Resource Library

Dear Camp Counselor:

This summer you will join, figuratively, with more than 320,000 staff working at some 2,400 accredited camps serving more than 7.4 million children nationwide (ACA, 2013). And, suffice it to say, this is the opportunity of a lifetime.

Why? Because you will greatly influence young lives. And, in my opinion, there’s no greater gift than that.

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Dear Summer Camp Counselor
Published Date: 2019-05-01

Let me first say, I am so intensely jealous of you. I think every person who has had the pleasure of working at camp, be it for one year or five, is envious of anyone who gets to be there when they aren't, and for good reason. Summer camp is a magical place. But it's not just the landscape that encourages those who enter camp grounds to be the greatest version of themselves. It's you who makes this place magical.

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When you agreed to work at camp, you immediately made the decision to have fun, challenge yourself, and change lives. While the format to accomplish this will be provided for you by your camp, the implementation will not. This will come from you in the form of dedication and effort. How much commitment you choose to give is important because campers don’t always come to camp knowing how to succeed.

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Imagine that today is your pre-camp leadership meeting, and you are sitting for the first time with your team in preparation for the upcoming camp season. Although your recruitment efforts have helped you choose competent staff, directing them won’t be without challenges.

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Whether you are a first-time counselor or veteran staff member at a summer camp, it can be difficult to nail down the step-by-step process of how to grow professionally within the field. You may be all the way at the top as director, but if you are not open-minded about constant growth, are you really living your life to the fullest? Offered here are a director’s and a counselor’s perspective on how to be a competitive and competent individual, no matter what your position in the camp field.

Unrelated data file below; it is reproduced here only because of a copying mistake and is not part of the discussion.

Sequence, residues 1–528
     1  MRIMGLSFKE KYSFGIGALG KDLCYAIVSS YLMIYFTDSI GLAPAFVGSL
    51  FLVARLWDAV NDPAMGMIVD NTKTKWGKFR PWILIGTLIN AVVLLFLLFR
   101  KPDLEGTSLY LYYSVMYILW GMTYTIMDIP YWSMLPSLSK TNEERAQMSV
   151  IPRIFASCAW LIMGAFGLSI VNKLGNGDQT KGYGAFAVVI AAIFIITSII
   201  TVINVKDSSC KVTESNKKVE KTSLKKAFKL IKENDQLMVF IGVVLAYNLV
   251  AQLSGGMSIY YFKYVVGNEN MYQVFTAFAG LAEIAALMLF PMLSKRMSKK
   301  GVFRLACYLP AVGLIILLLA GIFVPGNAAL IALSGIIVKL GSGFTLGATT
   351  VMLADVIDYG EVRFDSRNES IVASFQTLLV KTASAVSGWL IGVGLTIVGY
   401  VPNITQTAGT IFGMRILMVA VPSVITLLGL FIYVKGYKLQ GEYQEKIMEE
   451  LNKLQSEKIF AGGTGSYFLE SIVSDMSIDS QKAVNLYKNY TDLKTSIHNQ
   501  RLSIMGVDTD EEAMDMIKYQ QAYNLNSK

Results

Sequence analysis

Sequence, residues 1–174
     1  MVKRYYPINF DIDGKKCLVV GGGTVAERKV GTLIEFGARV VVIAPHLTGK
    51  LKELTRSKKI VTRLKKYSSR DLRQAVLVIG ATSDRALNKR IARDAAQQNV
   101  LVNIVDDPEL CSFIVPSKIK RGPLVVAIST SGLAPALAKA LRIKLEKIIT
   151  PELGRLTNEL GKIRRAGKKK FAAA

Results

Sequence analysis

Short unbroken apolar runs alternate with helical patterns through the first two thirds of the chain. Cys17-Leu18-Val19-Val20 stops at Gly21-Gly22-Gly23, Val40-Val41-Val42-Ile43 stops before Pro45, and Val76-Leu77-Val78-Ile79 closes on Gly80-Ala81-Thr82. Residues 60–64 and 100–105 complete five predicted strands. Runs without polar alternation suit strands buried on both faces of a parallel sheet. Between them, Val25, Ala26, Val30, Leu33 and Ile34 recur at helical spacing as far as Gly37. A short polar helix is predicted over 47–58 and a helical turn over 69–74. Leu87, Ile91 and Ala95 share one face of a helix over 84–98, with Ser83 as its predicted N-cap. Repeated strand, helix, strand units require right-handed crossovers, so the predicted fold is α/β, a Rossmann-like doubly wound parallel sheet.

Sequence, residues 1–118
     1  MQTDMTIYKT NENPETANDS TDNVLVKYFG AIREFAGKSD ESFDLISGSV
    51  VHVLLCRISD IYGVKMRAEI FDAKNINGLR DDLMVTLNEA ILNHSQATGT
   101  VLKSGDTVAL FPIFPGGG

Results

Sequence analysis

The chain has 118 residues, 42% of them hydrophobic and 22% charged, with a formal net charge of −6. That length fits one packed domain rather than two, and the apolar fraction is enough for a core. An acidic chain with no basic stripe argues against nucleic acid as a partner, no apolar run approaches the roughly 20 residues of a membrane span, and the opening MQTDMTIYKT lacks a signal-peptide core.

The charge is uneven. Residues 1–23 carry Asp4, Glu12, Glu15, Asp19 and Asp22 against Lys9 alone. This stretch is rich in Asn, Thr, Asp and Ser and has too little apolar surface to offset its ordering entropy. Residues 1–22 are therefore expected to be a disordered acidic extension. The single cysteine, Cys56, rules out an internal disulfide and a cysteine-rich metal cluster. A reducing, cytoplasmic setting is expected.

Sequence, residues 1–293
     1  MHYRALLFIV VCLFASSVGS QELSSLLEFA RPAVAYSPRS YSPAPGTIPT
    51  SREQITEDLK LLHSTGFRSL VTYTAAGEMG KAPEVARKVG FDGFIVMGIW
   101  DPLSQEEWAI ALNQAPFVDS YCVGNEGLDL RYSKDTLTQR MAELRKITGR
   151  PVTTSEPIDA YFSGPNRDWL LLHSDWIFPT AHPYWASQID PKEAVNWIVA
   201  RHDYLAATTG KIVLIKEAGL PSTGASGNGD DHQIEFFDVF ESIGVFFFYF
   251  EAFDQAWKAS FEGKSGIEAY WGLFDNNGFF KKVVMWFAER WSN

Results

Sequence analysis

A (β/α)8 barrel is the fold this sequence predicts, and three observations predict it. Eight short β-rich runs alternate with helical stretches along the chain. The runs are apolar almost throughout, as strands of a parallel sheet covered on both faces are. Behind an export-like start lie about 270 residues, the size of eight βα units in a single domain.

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Inspiring Healthy Staff Culture at Camp
Published Date: 2019-03-01

I’m ardently proud of the high-quality camp staff experiences that professional camp directors strive to offer young adults each season. Full of career-enhancing and life-benefitting skills, a summer spent working at camp is chock-full of core social and emotional learning.

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The Art of Noticing
Published Date: 2019-03-01

A strong focus on mental, emotional, social health (MESH) elements within the camp community has triggered both strategies to cope with MESH concerns and an emphasis on making camp a more MESH-resilient experience for campers and staff. In support of this, the following information is provided by Cori Miller of URJ Camp Harlam in Pennsylvania. A social worker by profession, Miller works full-time for her camp and focuses on MESH concerns.

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UR Strong, iGen
Published Date: 2019-03-01

The total was 254.

It was the last day of the fall trimester at the independent high school where I’ve been working for 20 years. Until our health center adopts electronic medical records, I’ll keep spending the final three hours of every term hand-keying into our confidential database the date, time, and referral question of each student with whom I’ve spent 45 psychotherapeutic minutes.

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The Last Batch of Muffins
Published Date: 2019-03-01

My congratulatory handshake to colleague Jake Labovitz, who along with his wife, Kerry, owns Windsor Mountain Summer Camp in Windsor, New Hampshire, was commentary on a highly successful season. Jake’s reply? “Thanks, but you’re only as good as your last batch of muffins.”

What Jake was referring to is called “recency” — most recent — or what happens last. For context, “Social psychologists study how social influence, social perception, and social interaction influence individual and group behavior” (APA, 2018).

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As children and staff members are eager to return to camp to see familiar faces and places each summer, we often hear people comment about going back to their "summer home." Our camp homes are places where friendships are made, bonds are strengthened, skills are learned, and memories are created. Some of our summer homes have lakes, mountain views, and miles of trails, while others are set in the suburbs and some even right in the middle of cities.

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